Environmental Conflicts in Literature

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Conflicts are a very prominent element in literature. If you were to look up the dictionary definition of "conflict", you would find that it is a "struggle, controversy, or fight." Conflicts can take many forms, and each has its own place in literature. Environmental conflicts are certainly one of the more recognized and appreciated types of conflicts. They are easy to identify, understand, and analyze. An environment can be described as one's surroundings, so logically, an environmental conflict is a conflict with one's surroundings. Environmental conflicts pit man against a greater power, and it is unsure what will happen next.

Throughout [good] literature, a vast array of environmental conflicts can be found. Let us take a look at "Leiningen Versus the Ants," by Carl Stephenson. In this story, environmental conflicts are exceedingly prevalent. In fact, the entire story is built upon the "act of God" that Leiningen faces. A twenty square mile army of ants threatens Leiningen's plantation and his life. The ants prove to be a formidable opponent, even for a man of such cunning as Leiningen. They represent the power and unpredictability of nature—a perfect example of an environmental conflict.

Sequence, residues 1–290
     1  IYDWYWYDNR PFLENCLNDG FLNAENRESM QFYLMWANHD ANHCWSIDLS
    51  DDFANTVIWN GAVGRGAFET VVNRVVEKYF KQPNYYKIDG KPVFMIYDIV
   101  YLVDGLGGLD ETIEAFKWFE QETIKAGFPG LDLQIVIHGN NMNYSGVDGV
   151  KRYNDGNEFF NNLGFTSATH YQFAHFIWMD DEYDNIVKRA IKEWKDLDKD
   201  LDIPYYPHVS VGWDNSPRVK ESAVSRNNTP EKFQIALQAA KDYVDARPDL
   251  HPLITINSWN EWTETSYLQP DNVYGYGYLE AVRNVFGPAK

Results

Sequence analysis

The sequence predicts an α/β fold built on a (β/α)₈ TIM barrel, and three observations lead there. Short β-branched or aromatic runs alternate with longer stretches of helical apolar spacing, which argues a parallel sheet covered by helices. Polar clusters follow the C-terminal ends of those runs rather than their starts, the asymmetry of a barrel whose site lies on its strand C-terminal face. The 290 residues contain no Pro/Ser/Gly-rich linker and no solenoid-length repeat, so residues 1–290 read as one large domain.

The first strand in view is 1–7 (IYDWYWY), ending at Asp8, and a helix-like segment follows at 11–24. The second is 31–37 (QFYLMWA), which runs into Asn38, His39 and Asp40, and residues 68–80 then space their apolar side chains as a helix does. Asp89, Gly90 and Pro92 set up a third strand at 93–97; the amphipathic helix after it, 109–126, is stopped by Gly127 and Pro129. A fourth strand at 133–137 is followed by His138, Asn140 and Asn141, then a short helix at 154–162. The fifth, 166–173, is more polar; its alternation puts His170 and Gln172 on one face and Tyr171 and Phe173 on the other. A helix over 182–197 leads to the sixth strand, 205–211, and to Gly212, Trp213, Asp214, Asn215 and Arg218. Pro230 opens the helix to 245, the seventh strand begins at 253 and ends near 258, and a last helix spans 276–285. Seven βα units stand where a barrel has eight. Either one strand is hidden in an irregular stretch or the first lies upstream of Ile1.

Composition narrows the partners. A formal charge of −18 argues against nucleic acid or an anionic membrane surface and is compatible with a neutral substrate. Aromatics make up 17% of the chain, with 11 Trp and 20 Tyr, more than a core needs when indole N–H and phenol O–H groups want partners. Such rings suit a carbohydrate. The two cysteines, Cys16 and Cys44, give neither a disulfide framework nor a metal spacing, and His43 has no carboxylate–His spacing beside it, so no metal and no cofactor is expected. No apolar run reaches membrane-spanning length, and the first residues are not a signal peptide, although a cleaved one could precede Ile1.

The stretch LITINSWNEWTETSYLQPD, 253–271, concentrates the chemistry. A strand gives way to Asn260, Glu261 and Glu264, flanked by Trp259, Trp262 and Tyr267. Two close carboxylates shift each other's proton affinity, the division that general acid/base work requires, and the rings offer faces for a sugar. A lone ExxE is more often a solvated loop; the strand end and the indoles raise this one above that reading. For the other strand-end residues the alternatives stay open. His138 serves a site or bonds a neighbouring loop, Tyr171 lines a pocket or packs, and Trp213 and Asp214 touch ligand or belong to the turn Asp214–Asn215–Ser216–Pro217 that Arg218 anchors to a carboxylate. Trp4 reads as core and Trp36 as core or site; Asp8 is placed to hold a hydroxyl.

Not all environmental conflicts are huge, apocalyptic, catastrophic events. They can be as simple or commonplace as a tree falling. Such is the case in "The Interlopers," by Saki. Saki recognizes the power of nature, and makes use of something so unimportant as a fallen tree to trap Ulrich and Georg beneath it, and dramatically alter the course of the entire story. Not only that, but at the end of the story, Saki uses wolves to change the direction of the story once more, and this time he creates some irony as well.

In almost all cases, the environment does triumph over man in some way or another. "To Build a Fire," by Jack London is a prime example of this happening to a large extent. A man and his dog are lost in the wilderness at sub-zero...
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